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What to do when your dog dies

By: Elaine Everest - Updated: 14 Mar 2012 | comments*Discuss
 
What To Do When Your Dog Dies

It is always sad when a much loved family dog dies. At this emotional time it is hard to decide what to do with the remains of your faithful friend, so make your plans now so it will be easier on you and the family when that inevitable time arrives.

Death

There are many ways that a parent can explain death to a child. Sometimes religious views are used and this can be a comfort to the parent as well as the child. The death of a family dog or other pet is often the first time a young child encounters death and can be the ideal opportunity to prepare the youngster for when they lose a grandparent or other family member. Some parents will explain about angels, heaven and a place where all the dogs go to when they are dead which softens the blow to the child. Children will often dwell on the subject of death and ask many questions. They will not only grieve as we would but because of their age will be unsure and bewildered by what has happened especially if the death was unexpected or perhaps observed by the child.

Preparations

Your vet will always dispose of the body of your pet if that is your wish. They can arrange for a cremation and return the ashes to you or simply take away the pet for disposal. Disposal of the pet’s remains is done by either single or mass cremation and the ashes spread at the pet crematorium. You can also take your pet to the pet crematorium yourself. Simply ring ahead and book an appointment. Staff will be on hand to take the pet from your car and you are able to view the body, just as you would a human, before the cremation takes place. It is possible to wait for the ashes and you can purchase an urn or casket in which to keep your pet’s remains at home. If you wish to spread the ashes then ask for a simpler box that can be disposed of afterwards. A common wish these days is for owners to have their pet’s ashes buried with them when they die which can be a comforting thought to many people.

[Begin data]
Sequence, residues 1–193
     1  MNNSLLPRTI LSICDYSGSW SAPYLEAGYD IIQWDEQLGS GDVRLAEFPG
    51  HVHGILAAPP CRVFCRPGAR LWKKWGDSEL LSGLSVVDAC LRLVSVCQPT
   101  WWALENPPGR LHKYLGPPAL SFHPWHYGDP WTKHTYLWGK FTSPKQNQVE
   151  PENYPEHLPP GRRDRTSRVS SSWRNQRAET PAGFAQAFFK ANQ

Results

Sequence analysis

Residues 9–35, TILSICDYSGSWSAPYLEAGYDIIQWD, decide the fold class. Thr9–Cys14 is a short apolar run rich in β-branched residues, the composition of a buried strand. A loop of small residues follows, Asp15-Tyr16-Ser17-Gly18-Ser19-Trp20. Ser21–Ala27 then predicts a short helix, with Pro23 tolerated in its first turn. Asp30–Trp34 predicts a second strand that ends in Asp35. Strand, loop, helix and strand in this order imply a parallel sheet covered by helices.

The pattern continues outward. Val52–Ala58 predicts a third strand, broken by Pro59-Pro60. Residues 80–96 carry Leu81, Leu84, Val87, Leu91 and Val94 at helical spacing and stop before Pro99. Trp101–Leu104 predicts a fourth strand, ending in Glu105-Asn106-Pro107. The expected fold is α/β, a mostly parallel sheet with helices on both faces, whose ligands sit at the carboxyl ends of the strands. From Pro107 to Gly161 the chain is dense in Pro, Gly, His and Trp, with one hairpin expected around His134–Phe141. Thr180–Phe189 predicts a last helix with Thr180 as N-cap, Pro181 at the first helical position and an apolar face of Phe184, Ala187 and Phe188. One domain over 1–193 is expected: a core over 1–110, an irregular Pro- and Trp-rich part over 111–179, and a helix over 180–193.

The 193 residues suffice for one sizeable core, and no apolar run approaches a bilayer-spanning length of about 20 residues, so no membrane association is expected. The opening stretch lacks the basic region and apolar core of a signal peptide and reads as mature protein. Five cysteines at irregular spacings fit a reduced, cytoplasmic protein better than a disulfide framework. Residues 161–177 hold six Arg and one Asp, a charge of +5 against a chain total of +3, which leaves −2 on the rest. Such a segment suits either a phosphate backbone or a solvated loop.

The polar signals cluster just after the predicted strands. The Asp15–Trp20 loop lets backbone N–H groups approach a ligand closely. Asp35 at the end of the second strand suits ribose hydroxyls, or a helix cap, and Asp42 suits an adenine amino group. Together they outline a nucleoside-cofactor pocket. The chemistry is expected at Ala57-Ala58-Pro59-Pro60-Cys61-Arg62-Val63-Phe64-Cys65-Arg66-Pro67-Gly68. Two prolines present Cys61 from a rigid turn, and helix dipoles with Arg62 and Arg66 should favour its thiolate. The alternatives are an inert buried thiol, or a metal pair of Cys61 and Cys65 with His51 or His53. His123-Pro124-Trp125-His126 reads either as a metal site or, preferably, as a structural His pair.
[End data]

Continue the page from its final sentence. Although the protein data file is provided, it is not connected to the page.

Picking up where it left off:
Garden Burial

If you have the space why not bury your pet in your garden? Remember to dig a deep hole and possibly put a large rock or paving slab on top afterwards in order to deter foxes. Your child will be able to say goodbye to their pet and even hold a simple funeral service by the grave where the family and in particular your child can say goodbye. It will give your child closure on a sad experience. The downside to a garden burial is that you are not able to take your pet with you if you should move home and this could be distressing to a child.

Animal Graveyard

Many pet crematoriums also have a pet funeral service where you can purchase a plot to bury your dog or pet. These graveyards are lovely places to visit where the headstones have such poignant messages and hold all sorts of pets from hamsters to alligators. They are administered with care by the owners and are regulated (as are the crematoriums) by the same rules as human resting places. It is known that some owners arrange to have their own ashes put in their pet’s grave when their time comes.

Pet Insurance

Unfortunately most pet insurance policies do not cover the expense of cremation or burial of a pet. For a large dog a cremation can cost around three hundred pounds so it is worth having a funeral fund to hand in case of emergencies. If you have several elderly dogs death can be an expensive business and should be planned for in advance.

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